Following its test trial in Canada, YouTube has brought over the Video Quality Report to the United States, to show which Internet service providers are holding up their end of the bargain on high-quality data speeds and which providers are failing to meet those expectations.
Even though there are issues in Canada with Internet service providers and carriers, YouTube bringing this to the United States might be an eye-opener for anyone who wants to find out if their ISP is cheating them out of a good HD video and might even show misrepresentation of the service the consumer is actually getting.
Netflix has already started this ISP speed check, showing different ISPs and how fast their data speeds are on average. Google Fiber is ranked number one, with Comcast and Time Warner Cable slumping low and DSL providers coming in last place, with millions still running dial-up.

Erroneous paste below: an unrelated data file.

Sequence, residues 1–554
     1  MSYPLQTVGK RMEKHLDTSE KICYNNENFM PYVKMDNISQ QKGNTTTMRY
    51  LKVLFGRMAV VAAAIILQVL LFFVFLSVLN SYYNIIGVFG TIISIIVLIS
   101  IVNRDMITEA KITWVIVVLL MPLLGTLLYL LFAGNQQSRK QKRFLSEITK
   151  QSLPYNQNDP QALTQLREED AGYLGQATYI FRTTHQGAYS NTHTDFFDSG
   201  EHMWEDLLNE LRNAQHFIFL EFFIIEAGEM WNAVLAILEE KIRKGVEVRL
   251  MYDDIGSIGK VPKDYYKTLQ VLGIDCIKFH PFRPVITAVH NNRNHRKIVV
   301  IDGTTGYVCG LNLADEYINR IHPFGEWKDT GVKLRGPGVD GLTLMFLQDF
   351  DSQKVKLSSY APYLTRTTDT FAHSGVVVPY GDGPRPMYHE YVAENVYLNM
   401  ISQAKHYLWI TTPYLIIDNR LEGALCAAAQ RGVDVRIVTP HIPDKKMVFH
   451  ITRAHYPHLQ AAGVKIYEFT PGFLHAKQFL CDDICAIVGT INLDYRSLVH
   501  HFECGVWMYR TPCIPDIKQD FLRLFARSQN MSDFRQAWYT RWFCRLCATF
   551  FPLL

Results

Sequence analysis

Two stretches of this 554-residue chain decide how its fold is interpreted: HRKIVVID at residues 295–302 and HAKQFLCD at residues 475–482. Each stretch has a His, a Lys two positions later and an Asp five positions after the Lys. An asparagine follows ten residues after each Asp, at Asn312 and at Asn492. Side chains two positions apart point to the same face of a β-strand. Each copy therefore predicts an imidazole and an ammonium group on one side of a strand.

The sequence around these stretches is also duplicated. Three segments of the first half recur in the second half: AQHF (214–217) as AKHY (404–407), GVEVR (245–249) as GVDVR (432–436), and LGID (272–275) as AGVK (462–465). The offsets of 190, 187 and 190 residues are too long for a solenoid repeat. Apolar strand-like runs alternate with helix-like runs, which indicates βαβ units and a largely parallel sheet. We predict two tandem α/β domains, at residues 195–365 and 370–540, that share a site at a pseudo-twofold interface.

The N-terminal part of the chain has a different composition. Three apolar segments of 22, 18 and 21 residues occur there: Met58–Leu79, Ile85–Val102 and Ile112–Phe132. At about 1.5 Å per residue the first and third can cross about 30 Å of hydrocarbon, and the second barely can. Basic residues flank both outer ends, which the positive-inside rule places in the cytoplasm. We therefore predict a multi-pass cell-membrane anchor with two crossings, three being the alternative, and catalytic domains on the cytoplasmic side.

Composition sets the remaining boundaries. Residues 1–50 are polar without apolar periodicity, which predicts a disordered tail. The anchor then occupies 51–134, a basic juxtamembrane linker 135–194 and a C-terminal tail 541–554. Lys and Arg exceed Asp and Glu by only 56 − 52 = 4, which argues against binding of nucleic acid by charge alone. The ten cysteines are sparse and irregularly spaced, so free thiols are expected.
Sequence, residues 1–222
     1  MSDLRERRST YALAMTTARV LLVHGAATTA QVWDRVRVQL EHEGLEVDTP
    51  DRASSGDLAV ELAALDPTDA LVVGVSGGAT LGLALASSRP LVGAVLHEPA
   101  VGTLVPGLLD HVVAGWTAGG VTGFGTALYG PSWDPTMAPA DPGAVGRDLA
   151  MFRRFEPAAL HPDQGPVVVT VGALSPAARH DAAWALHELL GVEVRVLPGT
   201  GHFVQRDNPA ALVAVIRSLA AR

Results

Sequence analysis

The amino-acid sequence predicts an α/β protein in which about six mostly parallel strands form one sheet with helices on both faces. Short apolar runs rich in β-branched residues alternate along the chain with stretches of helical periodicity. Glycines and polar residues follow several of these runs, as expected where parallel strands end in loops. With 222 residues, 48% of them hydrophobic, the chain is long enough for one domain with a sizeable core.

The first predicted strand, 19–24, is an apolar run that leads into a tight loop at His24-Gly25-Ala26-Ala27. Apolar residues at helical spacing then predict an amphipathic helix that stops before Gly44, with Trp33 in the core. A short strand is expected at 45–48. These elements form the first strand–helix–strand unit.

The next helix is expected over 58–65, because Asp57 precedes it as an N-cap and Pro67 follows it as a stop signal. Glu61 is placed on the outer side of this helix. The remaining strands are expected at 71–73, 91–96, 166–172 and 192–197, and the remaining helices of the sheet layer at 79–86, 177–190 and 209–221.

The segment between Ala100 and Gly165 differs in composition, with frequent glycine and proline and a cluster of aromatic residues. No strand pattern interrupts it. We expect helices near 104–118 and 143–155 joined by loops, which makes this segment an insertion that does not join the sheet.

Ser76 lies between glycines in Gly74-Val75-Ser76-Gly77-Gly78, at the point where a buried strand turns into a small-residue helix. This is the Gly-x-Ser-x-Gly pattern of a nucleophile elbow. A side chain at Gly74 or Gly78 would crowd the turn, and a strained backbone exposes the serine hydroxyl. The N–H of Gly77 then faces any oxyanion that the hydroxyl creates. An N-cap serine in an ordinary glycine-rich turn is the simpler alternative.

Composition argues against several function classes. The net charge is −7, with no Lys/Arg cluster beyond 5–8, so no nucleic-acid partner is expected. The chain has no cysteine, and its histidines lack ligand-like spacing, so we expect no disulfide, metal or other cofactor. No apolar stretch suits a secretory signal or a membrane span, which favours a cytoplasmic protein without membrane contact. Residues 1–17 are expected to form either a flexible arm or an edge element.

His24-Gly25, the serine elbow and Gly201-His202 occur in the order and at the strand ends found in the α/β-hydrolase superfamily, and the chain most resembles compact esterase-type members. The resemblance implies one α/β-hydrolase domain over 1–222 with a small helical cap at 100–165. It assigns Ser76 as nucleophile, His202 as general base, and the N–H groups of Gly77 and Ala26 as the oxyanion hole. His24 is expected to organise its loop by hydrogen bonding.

The three ranks, YouTube HD Verified, Standard Definition and Lower Definition, split the different ISP and packages nicely. In most photos we have seen circulating, it looks like Xfinity, Google Fiber, Verizon FIOS and a few others hit YouTube Verified HD and normal Comcast, Time Warner Cable, CenturyLink and Cox hit Standard Definition.
We are surprised at how many services only offer standard definition and are unable to get up to 720p consistently. The United States is ranked one of the worst for Internet speeds to price, compared to most of Europe and places like Japan, South Korea, China and other Asian countries, that can buy gigabit Internet at a reasonable price.
Google and hundreds of other companies have appealed the FCC fast lane rule, trying to change the way ISPs offer their services and creating “lanes” for certain companies to go down and any other services that don’t pay the ISP go down the slower lane.